B3 – Data Driven and Model Supported Fusion of Multimodal Sensors

Research Area B: Modeling & Classification

By using data driven methods, the extensive data sets resulting from the different measurement procedures will be analyzed and used to optimize the classification quality of the multimodal tissue differentiation procedures by considering local tissue parameters.

Data Driven and Model Supported Fusion of Multimodal Sensors

Data from real-life applications comprise several modalities that represent content with the same semantics from complementary aspects. Intraoperative tissue differentiation is also based on the fusion of considerable amounts of data with different information for the final assessment of the malignant potential of the respective target structure. The challenge is to enable the processing of multimodal data flows, i.e. the data recorded in real time by the sensor systems from projects A1-A5, for interventional diagnostics.

A novel feature fusion method based on a multi-level feature extraction structure is to be developed in order to fuse the various semantic feature groups and use the newly generated feature vectors for classification purposes.

Scientific Question

The multimodal measurement data, such as impedance and stiffness data, must be fused spatially and temporally as well as with the video data in order to be incorporated profitably into the tissue differentiation. Specific questions here are:

  • How can data from different physical measurement principles of the electrical, mechanical and optical domains (A1-A5) be fused?
  • How can measurements taken at different positions be incorporated into the sensor fusion?
  • How can this increased complexity be used to expand tissue differentiation with regard to tumor type, grading and neoadjuvant therapy?

Various preliminary work from the first cohort can be used to address these questions. For example, the algorithms for landmark extraction (B1) and the developed Generative Adversarial Networks for depth estimation (B3) are used to localize the sensors. The database already designed provides the basis for an efficient data management system, which is to be developed in the second funding period.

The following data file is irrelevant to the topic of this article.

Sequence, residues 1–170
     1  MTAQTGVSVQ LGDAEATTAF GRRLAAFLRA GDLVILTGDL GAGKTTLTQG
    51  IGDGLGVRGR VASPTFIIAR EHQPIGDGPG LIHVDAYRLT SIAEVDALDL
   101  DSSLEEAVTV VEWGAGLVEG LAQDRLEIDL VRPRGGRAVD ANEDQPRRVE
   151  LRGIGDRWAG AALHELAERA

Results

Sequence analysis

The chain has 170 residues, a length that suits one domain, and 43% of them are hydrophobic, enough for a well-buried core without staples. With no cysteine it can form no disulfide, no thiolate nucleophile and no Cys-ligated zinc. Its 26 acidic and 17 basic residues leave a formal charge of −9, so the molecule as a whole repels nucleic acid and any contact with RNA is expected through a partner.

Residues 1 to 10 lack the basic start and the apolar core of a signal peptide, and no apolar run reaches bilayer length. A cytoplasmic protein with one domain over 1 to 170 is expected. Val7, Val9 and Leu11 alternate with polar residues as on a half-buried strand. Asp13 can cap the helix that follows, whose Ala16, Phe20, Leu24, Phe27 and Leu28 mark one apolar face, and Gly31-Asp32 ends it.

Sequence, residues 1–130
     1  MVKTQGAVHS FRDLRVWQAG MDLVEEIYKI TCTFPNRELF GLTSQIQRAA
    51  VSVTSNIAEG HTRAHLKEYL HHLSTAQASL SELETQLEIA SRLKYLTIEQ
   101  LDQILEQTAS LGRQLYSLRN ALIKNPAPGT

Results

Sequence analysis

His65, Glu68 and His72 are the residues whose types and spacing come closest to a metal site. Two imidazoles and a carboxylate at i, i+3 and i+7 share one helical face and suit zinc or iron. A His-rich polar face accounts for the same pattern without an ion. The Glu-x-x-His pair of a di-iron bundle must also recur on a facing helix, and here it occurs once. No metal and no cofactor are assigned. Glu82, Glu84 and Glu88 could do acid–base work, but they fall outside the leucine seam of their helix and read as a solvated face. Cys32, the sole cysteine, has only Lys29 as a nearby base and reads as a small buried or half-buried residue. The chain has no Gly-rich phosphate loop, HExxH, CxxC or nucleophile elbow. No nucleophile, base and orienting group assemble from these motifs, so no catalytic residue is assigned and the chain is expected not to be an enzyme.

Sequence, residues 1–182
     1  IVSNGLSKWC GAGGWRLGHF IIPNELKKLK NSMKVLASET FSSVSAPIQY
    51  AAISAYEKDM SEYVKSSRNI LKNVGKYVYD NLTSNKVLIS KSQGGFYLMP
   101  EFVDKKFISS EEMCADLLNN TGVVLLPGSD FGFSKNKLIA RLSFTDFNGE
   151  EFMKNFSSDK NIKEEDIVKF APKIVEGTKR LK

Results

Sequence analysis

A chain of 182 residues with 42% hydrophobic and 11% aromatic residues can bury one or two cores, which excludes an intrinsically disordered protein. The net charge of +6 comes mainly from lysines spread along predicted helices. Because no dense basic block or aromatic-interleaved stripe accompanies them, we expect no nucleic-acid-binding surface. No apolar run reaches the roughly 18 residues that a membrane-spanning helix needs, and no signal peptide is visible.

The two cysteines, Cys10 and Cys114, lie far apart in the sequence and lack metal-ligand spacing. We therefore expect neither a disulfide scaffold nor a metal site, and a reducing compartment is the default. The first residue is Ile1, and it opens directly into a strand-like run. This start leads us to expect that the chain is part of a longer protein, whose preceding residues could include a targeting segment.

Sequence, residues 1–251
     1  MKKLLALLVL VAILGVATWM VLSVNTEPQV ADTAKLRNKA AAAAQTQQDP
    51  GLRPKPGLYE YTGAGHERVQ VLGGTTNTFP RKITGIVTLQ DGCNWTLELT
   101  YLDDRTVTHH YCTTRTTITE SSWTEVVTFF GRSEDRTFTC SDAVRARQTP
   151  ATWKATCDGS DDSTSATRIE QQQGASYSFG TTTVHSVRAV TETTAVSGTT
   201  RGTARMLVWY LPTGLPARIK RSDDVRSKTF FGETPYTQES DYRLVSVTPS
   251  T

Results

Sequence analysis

Methodology and Solution Approaches

Data Driven Tissue Characterization

First, the sensor fusion is considered in reduced complexity by only taking into account sensor measurements of the same position. Feature vectors are extracted from the high-dimensional raw data of the sensor measurements in order to reduce the dimensionality of the data and transfer it into a common feature space. Multimodal autoencoders or transformer networks are suitable for this. The extracted latent feature representations can then be used to classify the tissue.

Extraction of the latent feature representations from the raw data using autoencoders and subsequent fusion of the feature vectors to classify the tissue.

However, such approaches require large amounts of sensor data, which cannot be achieved with the available human tissue samples alone. One approach is to use the differentiation of animal tissue samples ex vivo to initialize a multimodal NN for sensor fusion. Subsequent augmentation of the data can further increase the amount of data available. In further steps, the pre-trained NN can be adapted to the intended tumor differentiation using real human test data and transfer learning approaches. Instead of relying on homogeneous, unimodal and labeled data sets as in conventional AI process workflows, transfer learning concepts can also be used to process realistic, multimodal and incomplete data sets.

Transfer learning concept: Pre-training of network architectures with data from animal or artificial tissues. Fine-tuning of the artificial neural networks with data from human tissue.

Detection of Tumor Boundaries

In the intraoperative setup, it is not always possible or sensible to carry out measurements with different sensors at exactly the same position. In addition to the characterization of the tissue, the spread of the tumor and in particular the demarcation from healthy tissue is also essential. Therefore, the estimation of tumor boundaries is to be predicted on the basis of spatially distributed sensor measurements and coupled with the classification. The methods for intraoperative navigation developed in subproject B1 will be used for this purpose.

The camera image and the optical sensors (A1, A2) can be used, for example, to detect flat abnormalities and then provide initial information for a preliminary classification. The combined use of additional sensors for individual point measurements in border areas, e.g. with the WaFe sensor (A4) or the impedance sensor (A5), further narrows down the tumor area.

Determination of tumor boundaries through the combined use of area and point sensor measurements.
This image shows Matthias Ege

Matthias Ege


PhD Student B3

This image shows Cristina Tarín Sauer

Cristina Tarín Sauer

Prof. Dr.-Ing.

Principle Investigator of Subproject B3, Equal Opportunities Officer

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